Subaru, on the other hand, has positioned its BRZ a bit more upscale, which could allow for the expense of turbocharging down the line. Such a move is still undecided, and earlier rumors reported that Subaru was developing a normally aspirated STI version of its BRZ. Cost aside, there simple isn’t a lot of room to fit a turbo, intercooler and associated plumbing under the hood.
That doesn’t mean that FR-S or BRZ buyers are out of options, since we expect the aftermarket to deliver everything from intakes through turbo and supercharger kits and exhausts in the coming months. Scion may not be willing to build a turbo FR-S, but we’re guessing that plenty of aftermarket vendors will step up to the plate.
|2013 Scion FR-S Pricing Announced||
Scion’s rear-drive FR-S coupe is arguably the most anticipated product in the brand’s history. Blending light weight, nimble handling and reasonable horsepower, the FR-S was built to offer enthusiasts on a budget a solid platform to build from. In other words, it had to offer an affordable starting price, which isn’t easy to do when the Japanese yen is strong and the U.S. dollar is weak.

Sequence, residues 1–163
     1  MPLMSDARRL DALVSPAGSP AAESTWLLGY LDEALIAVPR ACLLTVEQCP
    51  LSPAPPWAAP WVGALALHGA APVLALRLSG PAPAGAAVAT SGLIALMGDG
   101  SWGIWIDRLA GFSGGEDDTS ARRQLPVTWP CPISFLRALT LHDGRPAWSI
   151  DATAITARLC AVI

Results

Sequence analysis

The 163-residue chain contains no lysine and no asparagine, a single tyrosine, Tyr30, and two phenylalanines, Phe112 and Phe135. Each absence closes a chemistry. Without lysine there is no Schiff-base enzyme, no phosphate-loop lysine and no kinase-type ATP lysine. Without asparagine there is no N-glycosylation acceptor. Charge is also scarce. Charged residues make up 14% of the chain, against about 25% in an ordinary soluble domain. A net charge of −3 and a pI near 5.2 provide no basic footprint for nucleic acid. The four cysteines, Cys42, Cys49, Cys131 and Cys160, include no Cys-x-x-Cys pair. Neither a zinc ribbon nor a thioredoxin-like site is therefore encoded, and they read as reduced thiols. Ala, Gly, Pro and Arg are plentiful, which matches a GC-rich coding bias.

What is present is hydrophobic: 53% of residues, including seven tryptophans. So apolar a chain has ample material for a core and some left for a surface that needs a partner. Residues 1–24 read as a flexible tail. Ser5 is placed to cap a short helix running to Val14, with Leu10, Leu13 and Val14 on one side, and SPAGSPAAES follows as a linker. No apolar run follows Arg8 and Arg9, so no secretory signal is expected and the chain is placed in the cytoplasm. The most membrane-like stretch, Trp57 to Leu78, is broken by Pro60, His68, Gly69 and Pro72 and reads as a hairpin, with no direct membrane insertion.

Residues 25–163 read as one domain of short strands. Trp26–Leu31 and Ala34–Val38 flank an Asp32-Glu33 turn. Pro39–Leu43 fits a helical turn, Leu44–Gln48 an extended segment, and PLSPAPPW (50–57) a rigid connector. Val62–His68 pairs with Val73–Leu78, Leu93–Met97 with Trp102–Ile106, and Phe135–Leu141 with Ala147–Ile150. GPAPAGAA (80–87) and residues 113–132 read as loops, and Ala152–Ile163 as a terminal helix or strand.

Somehow, Toyota found a way to keep pricing in check, and the FR-S will start at $24,200 with a six-speed manual gearbox, hitting $25,300 with the paddle-shifter equipped, rev-matching six speed automatic. That doesn’t include the destination charge ($730, although Southeast Toyota and Gulf States Toyota destination charges may differ), so call it “just under $25k” for the manual gearbox FR-S. Option and package prices haven’t been released, but we suspect you could add another $5,000 to the price of the car if you went heavy on the accessories.
The EPA has released fuel economy data for the Scion FR-S, too. Equipped with the six-speed manual, the Scion coupe will return an estimated 22 mpg city, 30 mpg highway and 25 mpg combined. Opt for the six-speed automatic transmission, and fuel economy jumps to 25 mpg city, 34 mpg highway and 28 mpg combined.
|‘First 86′ Lets You Take Early Delivery Of A Scion FR-S. Maybe.||